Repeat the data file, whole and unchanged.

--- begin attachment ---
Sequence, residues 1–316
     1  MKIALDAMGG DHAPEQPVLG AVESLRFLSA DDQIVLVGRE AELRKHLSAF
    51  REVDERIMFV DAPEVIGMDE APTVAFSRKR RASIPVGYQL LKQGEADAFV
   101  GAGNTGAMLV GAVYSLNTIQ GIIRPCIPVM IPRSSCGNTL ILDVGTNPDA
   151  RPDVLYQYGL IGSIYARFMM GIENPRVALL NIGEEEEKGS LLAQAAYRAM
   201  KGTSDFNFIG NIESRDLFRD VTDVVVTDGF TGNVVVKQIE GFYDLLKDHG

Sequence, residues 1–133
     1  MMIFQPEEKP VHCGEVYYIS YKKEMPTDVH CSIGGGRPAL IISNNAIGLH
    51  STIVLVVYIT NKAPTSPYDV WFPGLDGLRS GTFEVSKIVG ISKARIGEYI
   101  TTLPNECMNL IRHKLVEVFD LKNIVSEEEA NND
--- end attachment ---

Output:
Sequence, residues 1–316
     1  MKIALDAMGG DHAPEQPVLG AVESLRFLSA DDQIVLVGRE AELRKHLSAF
    51  REVDERIMFV DAPEVIGMDE APTVAFSRKR RASIPVGYQL LKQGEADAFV
   101  GAGNTGAMLV GAVYSLNTIQ GIIRPCIPVM IPRSSCGNTL ILDVGTNPDA
   151  RPDVLYQYGL IGSIYARFMM GIENPRVALL NIGEEEEKGS LLAQAAYRAM
   201  KGTSDFNFIG NIESRDLFRD VTDVVVTDGF TGNVVVKQIE GFYDLLKDHG

Sequence, residues 1–133
     1  MMIFQPEEKP VHCGEVYYIS YKKEMPTDVH CSIGGGRPAL IISNNAIGLH
    51  STIVLVVYIT NKAPTSPYDV WFPGLDGLRS GTFEVSKIVG ISKARIGEYI
   101  TTLPNECMNL IRHKLVEVFD LKNIVSEEEA NND